Japan Monetary Policy January 2017


Japan: BoJ forecasts faster growth in January, maintains policy

January 31, 2017

The Bank of Japan (BoJ) maintained its monetary policy at its 30–31 January meeting, voting to continue with its Quantitative and Qualitative Monetary Easing (QQE) with Yield Curve Control program as long as is necessary to achieve its 2.0% inflation target. The Bank voted 7–2 to leave the existing policy in place and raised its growth forecasts through fiscal 2018 on the back of sustained overseas economic growth and large-scale government stimulus measures, tacitly acknowledging some success with its ongoing and highly-accommodative monetary policy.

For fiscal year 2016, the median of the Policy Board members’ GDP forecasts increased from 1.0% to 1.4%, while forecasts for fiscal years 2017 and 2018 were each revised upwards by 0.2 percentage points, to 1.5% and 1.1% respectively. The BoJ’s revised forecasts highlight a weakening yen, especially against the dollar, and strong global economic growth as causes for optimism in trade and manufacturing. On the domestic front, the corporate and household sectors will benefit from the Bank’s accommodative monetary policy and the government’s bold fiscal spending, mostly due to 2020 Olympic Games-related demand. Uncertainty, however, still looms as it placed the new Trump administration atop its list of foreign risks to the economy, followed by the possibility of a slowdown in China and political developments in Europe.

With the unemployment rate steady near 3.1%, the Bank is hoping that a shortage of labor will translate into higher wages and that this will, in turn, translate into increased consumption and higher prices. Inflation is currently stuck near 0% and, unlike economic growth, the forecasts were not revised upwards for fiscal years 2017 and 2018.

In addition to QQE, with its stated goal of expanding the monetary base until core inflation exceeds the 2.0% price stability target, the BoJ held its overnight interest rate at minus 0.1% for financial institutions and reaffirmed its commitment to the yield curve-targeting program it had introduced last year. At its 20–21 September 2016 monetary policy meeting, the Bank announced that it would purchase Japanese government bonds (JGB) at whatever pace necessary to maintain 10-year JGB yields near 0%. On 3 February 2017, in a move that stunned analysts, the Bank intervened in the market after 10-year yields rose above 0.11%. It was the first time the Bank had turned last year’s yield cap into explicit action, sending a strong message to markets that it is committed to maintaining its yield targets.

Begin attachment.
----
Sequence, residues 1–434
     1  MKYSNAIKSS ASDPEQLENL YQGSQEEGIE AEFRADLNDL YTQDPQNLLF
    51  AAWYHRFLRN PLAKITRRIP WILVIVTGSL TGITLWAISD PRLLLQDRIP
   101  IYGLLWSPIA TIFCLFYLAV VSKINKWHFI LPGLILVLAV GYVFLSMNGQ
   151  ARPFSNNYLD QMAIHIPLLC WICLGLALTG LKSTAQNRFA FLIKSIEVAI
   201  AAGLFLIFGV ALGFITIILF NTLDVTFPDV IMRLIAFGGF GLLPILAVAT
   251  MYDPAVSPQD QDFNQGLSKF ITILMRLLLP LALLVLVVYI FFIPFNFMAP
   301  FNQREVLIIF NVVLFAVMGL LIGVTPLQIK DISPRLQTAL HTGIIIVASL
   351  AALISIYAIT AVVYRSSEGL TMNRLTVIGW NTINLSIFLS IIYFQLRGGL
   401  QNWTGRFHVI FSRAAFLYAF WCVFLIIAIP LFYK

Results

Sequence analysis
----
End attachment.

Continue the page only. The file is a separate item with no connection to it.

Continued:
The BoJ’s next monetary policy meeting is scheduled for 15–16 March.

The analysts FocusEconomics polled this month expect the BoJ policy rate to end this year at minus 0.12% and see it at minus 0.13% in 2018. The 10-year bond yield is expected to be at minus 0.03% by the end of this year, before rising to 0.07% in 2018. FocusEconomics Consensus Forecast panelists expect the yen to trade at 117.9 per USD at the end of 2017. For 2018, the panel projects the yen to strengthen marginally to 117.6 per USD.

Author:, Economist

Sample Report

Looking for forecasts related to Monetary Policy in Japan? Download a sample report now.


Japan Monetary Policy Chart

Japan Monetary Policy January 2017 0

Note: Monetary base in JPY trillion and 10-year bond yields %.
Source: Bank of Japan (BoJ) and Thomson Reuters.

Japan Economic News

  • Japan: Machinery orders decline in May

    July 11, 2018

    Although core machinery orders—a leading indicator of capital spending over a three- to six-month period—contracted in May, the fall was weaker-than-expected, suggesting that capital expenditure will gain steam further down the road.

    Read more

  • Japan: Business confidence weakens in Q2

    July 2, 2018

    According to the Bank of Japan’s quarterly Tankan business survey, sentiment among large manufacturers fell in the second quarter of 2018, suggesting economic momentum has yet to gain traction following a weak first quarter.

    Read more

  • Japan: Consumer confidence declines marginally in June

    June 29, 2018

    Consumer sentiment inched down to 43.7 in June from 43.8 in May, coming in just below market expectations of a stable print.

    Read more

  • Japan: Industrial production falls in May

    June 29, 2018

    Industrial production contracted 0.2% on a month-on-month and seasonally-adjusted basis in May, contrasting April’s revised 0.5% increase (previously reported: +0.3% month-on-month).

    Read more

  • Japan: Core inflation stable in May

    June 22, 2018

    The core consumer price index rose 0.1% in month-on-month seasonally-adjusted terms in May, reversing April’s 0.1% fall. Core inflation was steady at 0.7% in May, unchanged from April and in line with market expectations.

    Read more

More news

Search form